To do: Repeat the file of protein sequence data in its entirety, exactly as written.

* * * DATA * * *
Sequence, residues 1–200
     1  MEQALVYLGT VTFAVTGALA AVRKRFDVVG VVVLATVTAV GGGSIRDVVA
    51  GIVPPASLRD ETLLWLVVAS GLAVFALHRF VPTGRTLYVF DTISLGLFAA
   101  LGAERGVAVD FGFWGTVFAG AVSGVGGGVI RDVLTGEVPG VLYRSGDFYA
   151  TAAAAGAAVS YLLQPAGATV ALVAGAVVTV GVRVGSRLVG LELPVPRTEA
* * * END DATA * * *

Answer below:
Sequence, residues 1–200
     1  MEQALVYLGT VTFAVTGALA AVRKRFDVVG VVVLATVTAV GGGSIRDVVA
    51  GIVPPASLRD ETLLWLVVAS GLAVFALHRF VPTGRTLYVF DTISLGLFAA
   101  LGAERGVAVD FGFWGTVFAG AVSGVGGGVI RDVLTGEVPG VLYRSGDFYA
   151  TAAAAGAAVS YLLQPAGATV ALVAGAVVTV GVRVGSRLVG LELPVPRTEA